Almost all of the news comments on the Democrats’ debates held this past week mentioned that for the first time women were a prominent part of the lineup. Ever since Samuel Johnson made his famous quip about women preaching in public, “Sir, a woman’s preaching is like a dog’s walking on his hind legs. It is not done well; but you are surprised to find it done at all” women have had to prove themselves worthy of speaking out in public settings.

After all, it was more than a century after the establishment of the United States that a woman was first elected to Congress. That was Jeannette Rankin, who was elected from Montana in 1913. Rankin had become a public figure by her work in the women’s suffrage movement. Before running for Congress, she had been the first woman to speak before the Montana state legislature. There she urged that women should be allowed to vote. She succeeded in getting the vote for Montana women and moved on to fight for a national vote on suffrage.

Jeannette Rankin

Women had been fighting for the right to vote since 1848 and it was through the struggle to win that right that many women became accustomed to speaking in public and making their voices heard. They had many years of struggle, because it wasn’t until 1920 that the Women’s Suffrage amendment was finally ratified.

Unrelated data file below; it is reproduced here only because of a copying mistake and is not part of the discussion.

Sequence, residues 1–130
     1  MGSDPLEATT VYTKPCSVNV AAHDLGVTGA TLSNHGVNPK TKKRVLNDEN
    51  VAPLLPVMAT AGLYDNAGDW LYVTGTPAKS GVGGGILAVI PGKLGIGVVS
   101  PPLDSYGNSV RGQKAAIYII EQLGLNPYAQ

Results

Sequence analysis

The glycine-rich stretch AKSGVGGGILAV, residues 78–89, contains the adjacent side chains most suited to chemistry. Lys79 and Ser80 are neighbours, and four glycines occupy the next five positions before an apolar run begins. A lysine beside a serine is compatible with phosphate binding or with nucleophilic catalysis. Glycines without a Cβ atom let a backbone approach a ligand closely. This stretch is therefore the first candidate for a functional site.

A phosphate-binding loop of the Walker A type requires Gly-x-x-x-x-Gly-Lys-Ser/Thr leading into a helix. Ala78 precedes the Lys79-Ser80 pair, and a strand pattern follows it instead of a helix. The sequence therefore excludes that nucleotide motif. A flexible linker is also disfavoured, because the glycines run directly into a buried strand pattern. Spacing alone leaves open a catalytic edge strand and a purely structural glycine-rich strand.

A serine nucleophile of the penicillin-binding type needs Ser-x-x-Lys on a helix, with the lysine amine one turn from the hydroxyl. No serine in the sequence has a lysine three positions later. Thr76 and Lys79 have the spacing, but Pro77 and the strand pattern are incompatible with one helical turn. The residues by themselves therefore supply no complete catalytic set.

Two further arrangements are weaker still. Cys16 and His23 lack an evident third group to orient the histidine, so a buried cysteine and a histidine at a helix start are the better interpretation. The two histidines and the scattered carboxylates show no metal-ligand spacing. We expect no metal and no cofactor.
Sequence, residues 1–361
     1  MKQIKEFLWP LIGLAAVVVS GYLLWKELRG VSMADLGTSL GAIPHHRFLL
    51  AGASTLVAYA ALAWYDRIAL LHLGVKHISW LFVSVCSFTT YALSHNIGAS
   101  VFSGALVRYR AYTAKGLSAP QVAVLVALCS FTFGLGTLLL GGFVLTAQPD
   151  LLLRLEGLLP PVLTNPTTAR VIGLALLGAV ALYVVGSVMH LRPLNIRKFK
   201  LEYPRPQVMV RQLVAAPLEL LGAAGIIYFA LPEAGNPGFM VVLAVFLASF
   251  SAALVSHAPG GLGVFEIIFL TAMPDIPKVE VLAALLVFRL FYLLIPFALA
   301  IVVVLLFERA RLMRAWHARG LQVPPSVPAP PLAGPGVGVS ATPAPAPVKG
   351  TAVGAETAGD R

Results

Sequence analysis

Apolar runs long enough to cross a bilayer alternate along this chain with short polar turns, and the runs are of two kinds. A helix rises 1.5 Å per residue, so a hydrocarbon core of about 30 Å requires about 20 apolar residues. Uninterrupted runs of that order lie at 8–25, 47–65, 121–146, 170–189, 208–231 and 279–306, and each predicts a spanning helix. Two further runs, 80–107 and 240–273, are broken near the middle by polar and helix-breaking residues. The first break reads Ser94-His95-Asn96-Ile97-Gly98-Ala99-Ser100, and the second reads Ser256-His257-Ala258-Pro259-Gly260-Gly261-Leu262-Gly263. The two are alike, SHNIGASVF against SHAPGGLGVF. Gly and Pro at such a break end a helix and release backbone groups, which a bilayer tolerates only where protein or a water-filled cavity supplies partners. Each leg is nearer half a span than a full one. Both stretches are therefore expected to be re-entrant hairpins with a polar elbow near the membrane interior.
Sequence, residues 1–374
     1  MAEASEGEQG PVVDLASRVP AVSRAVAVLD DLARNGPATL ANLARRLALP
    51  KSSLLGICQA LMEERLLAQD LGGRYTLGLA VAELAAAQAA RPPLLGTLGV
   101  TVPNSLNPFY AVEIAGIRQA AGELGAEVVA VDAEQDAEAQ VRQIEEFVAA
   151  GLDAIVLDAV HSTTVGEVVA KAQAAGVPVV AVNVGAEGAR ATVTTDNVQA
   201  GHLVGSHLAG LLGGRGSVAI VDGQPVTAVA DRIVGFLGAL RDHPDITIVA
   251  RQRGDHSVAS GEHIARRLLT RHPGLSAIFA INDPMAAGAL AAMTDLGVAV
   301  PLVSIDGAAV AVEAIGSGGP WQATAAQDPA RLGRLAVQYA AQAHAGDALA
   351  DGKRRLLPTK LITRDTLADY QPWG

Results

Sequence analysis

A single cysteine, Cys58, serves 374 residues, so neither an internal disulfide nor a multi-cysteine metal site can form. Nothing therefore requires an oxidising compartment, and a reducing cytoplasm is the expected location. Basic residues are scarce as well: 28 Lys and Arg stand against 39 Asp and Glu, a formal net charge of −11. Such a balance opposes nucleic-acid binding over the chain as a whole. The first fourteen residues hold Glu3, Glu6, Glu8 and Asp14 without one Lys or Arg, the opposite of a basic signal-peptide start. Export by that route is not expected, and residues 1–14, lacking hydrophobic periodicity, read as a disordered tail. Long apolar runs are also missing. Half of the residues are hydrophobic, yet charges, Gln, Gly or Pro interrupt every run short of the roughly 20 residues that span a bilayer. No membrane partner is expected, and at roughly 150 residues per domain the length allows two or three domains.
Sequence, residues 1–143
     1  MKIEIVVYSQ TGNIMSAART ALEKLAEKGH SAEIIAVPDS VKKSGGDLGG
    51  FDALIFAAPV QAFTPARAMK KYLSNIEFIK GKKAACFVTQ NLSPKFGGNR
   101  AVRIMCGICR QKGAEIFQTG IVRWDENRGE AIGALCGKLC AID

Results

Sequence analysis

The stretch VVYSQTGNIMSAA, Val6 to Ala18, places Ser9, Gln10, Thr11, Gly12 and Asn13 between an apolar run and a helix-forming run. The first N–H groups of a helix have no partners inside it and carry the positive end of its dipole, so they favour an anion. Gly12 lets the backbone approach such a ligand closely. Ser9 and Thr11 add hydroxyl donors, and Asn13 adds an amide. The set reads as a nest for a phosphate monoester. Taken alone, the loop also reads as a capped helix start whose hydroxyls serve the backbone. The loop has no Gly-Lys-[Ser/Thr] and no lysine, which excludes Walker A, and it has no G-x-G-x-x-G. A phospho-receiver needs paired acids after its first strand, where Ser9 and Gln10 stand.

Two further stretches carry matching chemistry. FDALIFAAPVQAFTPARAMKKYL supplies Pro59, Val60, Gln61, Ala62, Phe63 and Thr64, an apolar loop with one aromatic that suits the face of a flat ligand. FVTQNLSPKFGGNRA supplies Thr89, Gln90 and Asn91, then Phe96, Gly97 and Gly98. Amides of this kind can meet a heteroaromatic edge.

Women have served in Congress now for more than 100 years, but their move into power positions has been very slow. It’s hard to believe that in 1984, it was considered daring for the Democrats to nominate Geraldine Ferraro as their vice-presidential candidate. She was the first woman to appear in national debates before the election and her appearance was a welcome change for many voters, although of course, her team did not win the presidency.

Last week’s debates, however, showed a distinct change in the power structure of the debates. Many of the male candidates thought their best way to win attention (and potentially votes) was to interrupt as often as possible and take over the argument. But on Thursday night they were put in their place by Kamela Harris who had one of the most-quoted lines of the debate, “The American people don’t want to watch a food fight. They want us to put food on the table.” And a few minutes later she made a stinging attack on Joe Biden—no one interrupted her then.

And Harris wasn’t the only woman who raised the level of the debates. Elizabeth Warren, during the first debate, stuck to her points and talked substance instead of yelling and interrupting. And we can’t forget Amy Klobucher who quietly mentioned that the three women on the debate stage had far longer records than the men in fighting for reproductive rights for all women.

There is no question that women today are ready to speak out about national policies. Perhaps the more relevant question today is: are men ready to engage with them on a level that will benefit all of us?